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Kerr-McGee Cimarron Nuclear Fuel Fabrication Site in Oklahoma, USA

The Cimarron Fuel Fabrication Site broke federal nuclear regulations for a long time. Laboratory worker and union leader Karen Silkwood investigated such violations and allegedly was murdered for it. The site shut down in 1976.


The Cimarron Fuel Fabrication Site, owned and operated by the Kerr/McGee Corporation (KMC) from 1965 to 1975, was a nuclear fuel production facility located by the Cimarron River near Cimarron City, Oklahoma. The site, at the time one of Oklahoma’s most-known and top employers,  is most known for huge scandals brought to national attention by one of its workers, Karen Silkwood [1]. Karen Silkwood was a metallography laboratory technician making plutonium pellets. As one of the first female members and a leader of the Oil, Chemical and Atomic Workers Union, she participated in a union strike against the company for its history of numerous health and safety issues such as exposure of workers to contamination, faulty respiratory equipment and improper storage of samples. She also believed the lack of sufficient shower facilities could increase the risk of employee contamination [2]. Other union members also claimed that  "the Kerr-McGee plant had manufactured faulty fuel rods, falsified product inspection records, and risked employee safety” [3].

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Basic Data
Name of conflict: Kerr-McGee Cimarron Nuclear Fuel Fabrication Site in Oklahoma, USA
Country:United States of America
State or province:Oklahoma
Location of conflict:Cimarron City
Accuracy of locationHIGH (Local level)
Source of Conflict
Type of conflict. 1st level:Nuclear
Type of conflict. 2nd level:Nuclear power plants
Specific commodities:Plutonium
Project Details and Actors
Project details

The Atomic Energy Commission awarded Kerr-McGee a $9.6 million contract to produce fuel rods for experimental nuclear reactors using plutonium instead of uranium. The plant was built twenty miles outside Oklahoma City on a 900-acre site next to an existing uranium plant. Transients and students were often hired to work in the plant and allegedly most workers were generally unaware of the risks of plutonium exposure because they were improperly trained. Under AEC rules, all contamination incidents should have been reported and, except in minor cases, production should have halted while leaks were fixed. The company frequently ignored these guidelines, however, because the company was under intense pressure to produce as much as possible [5].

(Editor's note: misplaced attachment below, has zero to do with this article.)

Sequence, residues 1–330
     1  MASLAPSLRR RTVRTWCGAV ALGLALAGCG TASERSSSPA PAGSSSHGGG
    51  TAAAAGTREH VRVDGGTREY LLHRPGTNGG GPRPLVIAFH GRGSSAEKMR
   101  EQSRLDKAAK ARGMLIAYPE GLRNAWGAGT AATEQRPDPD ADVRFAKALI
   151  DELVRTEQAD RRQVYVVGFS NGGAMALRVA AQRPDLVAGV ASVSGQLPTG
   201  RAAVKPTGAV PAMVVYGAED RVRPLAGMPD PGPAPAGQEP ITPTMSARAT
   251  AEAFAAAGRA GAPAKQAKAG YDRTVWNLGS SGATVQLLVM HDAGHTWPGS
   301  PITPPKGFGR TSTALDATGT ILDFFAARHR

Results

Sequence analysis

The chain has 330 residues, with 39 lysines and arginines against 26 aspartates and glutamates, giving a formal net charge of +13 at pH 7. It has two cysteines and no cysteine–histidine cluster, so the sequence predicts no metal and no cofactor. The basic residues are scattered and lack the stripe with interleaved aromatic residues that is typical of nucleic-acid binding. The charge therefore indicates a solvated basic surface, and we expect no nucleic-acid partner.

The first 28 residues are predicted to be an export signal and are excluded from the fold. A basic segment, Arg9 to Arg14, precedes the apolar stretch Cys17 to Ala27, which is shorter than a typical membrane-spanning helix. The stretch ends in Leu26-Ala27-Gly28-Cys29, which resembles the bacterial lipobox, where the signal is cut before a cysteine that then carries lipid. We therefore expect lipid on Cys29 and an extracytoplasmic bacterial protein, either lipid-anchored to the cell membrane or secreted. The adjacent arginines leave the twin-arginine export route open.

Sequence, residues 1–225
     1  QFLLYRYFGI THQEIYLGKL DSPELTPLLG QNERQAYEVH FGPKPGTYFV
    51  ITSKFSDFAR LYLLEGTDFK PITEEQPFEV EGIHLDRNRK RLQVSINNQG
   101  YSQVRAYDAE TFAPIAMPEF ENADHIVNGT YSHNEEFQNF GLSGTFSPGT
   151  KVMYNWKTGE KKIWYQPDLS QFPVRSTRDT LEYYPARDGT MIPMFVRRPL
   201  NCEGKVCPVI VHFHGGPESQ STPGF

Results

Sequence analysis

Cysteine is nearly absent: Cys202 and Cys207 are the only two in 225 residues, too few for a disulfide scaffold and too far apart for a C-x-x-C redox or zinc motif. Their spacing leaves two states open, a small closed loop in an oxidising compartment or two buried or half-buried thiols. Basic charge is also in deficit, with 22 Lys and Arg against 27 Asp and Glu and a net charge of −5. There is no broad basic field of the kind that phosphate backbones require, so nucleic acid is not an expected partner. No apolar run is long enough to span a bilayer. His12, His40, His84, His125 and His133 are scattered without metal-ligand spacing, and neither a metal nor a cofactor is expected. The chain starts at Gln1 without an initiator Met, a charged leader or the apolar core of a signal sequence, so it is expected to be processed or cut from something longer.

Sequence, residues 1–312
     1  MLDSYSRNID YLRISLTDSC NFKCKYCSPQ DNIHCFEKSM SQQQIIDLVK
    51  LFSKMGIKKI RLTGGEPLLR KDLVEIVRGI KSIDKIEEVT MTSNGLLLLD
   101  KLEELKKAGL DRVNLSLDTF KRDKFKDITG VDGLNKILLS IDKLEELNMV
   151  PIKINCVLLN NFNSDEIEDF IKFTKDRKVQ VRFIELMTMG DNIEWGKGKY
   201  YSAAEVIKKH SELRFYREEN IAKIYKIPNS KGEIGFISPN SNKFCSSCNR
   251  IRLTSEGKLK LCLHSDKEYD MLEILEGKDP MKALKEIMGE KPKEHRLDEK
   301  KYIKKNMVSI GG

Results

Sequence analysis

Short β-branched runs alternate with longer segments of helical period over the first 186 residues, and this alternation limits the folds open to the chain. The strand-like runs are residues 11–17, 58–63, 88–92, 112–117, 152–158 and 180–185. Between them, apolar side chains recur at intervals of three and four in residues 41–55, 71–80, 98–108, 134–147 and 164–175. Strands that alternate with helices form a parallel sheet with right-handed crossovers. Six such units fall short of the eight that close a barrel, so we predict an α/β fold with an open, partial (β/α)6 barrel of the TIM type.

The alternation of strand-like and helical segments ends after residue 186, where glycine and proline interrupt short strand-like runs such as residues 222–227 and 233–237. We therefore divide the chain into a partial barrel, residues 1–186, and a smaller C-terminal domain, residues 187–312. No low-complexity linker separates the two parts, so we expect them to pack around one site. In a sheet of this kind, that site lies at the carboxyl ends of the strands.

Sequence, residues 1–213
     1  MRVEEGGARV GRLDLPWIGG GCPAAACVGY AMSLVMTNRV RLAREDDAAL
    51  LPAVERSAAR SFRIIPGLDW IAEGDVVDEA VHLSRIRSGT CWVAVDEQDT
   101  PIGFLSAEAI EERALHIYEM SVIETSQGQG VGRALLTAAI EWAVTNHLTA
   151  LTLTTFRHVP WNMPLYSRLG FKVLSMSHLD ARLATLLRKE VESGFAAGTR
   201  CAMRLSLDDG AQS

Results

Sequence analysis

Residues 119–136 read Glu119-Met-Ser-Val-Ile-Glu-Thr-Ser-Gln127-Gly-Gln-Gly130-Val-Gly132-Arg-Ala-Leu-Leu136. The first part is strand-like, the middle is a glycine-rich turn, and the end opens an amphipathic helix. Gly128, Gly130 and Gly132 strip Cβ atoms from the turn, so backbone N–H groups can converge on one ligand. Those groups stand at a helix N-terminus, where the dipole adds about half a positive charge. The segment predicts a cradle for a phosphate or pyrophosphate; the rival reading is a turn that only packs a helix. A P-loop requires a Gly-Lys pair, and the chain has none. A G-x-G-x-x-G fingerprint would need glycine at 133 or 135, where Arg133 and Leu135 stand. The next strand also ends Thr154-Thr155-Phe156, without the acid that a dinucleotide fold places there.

Project area:365
Level of Investment for the conflictive project$9,600,000
Type of populationRural
Affected Population:287
Start of the conflict:05/11/1974
End of the conflict:03/01/1976
Company names or state enterprises:Kerr-McGee Corporation (KMC) from United States of America - Perpetrator
Relevant government actors:Atomic Energy Commission
United States Department of Energy
U.S. Supreme Court
Environmental justice organizations (and other supporters) and their websites, if available:Oil, Chemical & Atomic Workers Union
Conflict & Mobilization
IntensityHIGH (widespread, mass mobilization, violence, arrests, etc...)
Reaction stageIn REACTION to the implementation (during construction or operation)
Groups mobilizing:Industrial workers
Trade unions
Forms of mobilization:Community-based participative research (popular epidemiology studies, etc..)
Creation of alternative reports/knowledge
Lawsuits, court cases, judicial activism
Environmental ImpactsVisible: Other Environmental impacts
Other Environmental impactsPlutonium contamination
Health ImpactsVisible: Exposure to unknown or uncertain complex risks (radiation, etc…), Occupational disease and accidents
Socio-economical ImpactsVisible: Specific impacts on women
Potential: Violations of human rights
Project StatusStopped
Conflict outcome / response:Deaths, Assassinations, Murders
Court decision (victory for environmental justice)
Court decision (undecided)
Violent targeting of activists
Project cancelled
Trade unionist and plant worker Karen Silkwood died in a mysterious car crash in 1974
Do you consider this an environmental justice success? Was environmental justice served?:No
Briefly explain:The lawsuit carried out by Karen Silkwood's supporters resulted in financial compensation, but that did not directly cause the plant to shut down. The plant only shut down from bankruptcy later on. Furthermore, plant workers making legal claims for compensation for health effects suffered from working there to this day are still waiting for justice.
Sources & Materials
Juridical relevant texts related to the conflict (laws, legislations, EIAs, etc)

[8] Cimarron (Kerr-McGee) Decomissioning
[click to view]

U.S. Department of Energy Report on Decontamination and Decommissioning of the Kerr/McGee Plant
[click to view]

Silkwood v. Kerr-McGee Corp., 485 F. Supp. 566 (W.D. Okla. 1979)
[click to view]

US Supreme Court: SILKWOOD v. KERR-McGEE CORP.(1984)
[click to view]

References to published books, academic articles, movies or published documentaries

The case of Karen Silkwood (Public Health)
[click to view]

[4] The Karen Silkwood Story
[click to view]

[5] Karen Silkwood Was Right in Plutonium Scandal
[click to view]

[7] A.E.C. Finds Evidence Supporting Charges of Health Hazards at Plutonium Processing Plant in Oklahoma
[click to view]

Related media links to videos, campaigns, social network

[6] Video: 44 years later, the death of Karen Silkwood is still a mystery
[click to view]

Movie trailer: Silkwood (1983, starring Meryl Streep, Cher, and Kurt Russell)
[click to view]

Podcast: Questions Linger About The Death Of Karen Silkwood
[click to view]

Meta information
Contributor:Dalena Tran, ICTA, [email protected]
Last update29/12/2019
Conflict ID:4871
Legal notice / Aviso legal
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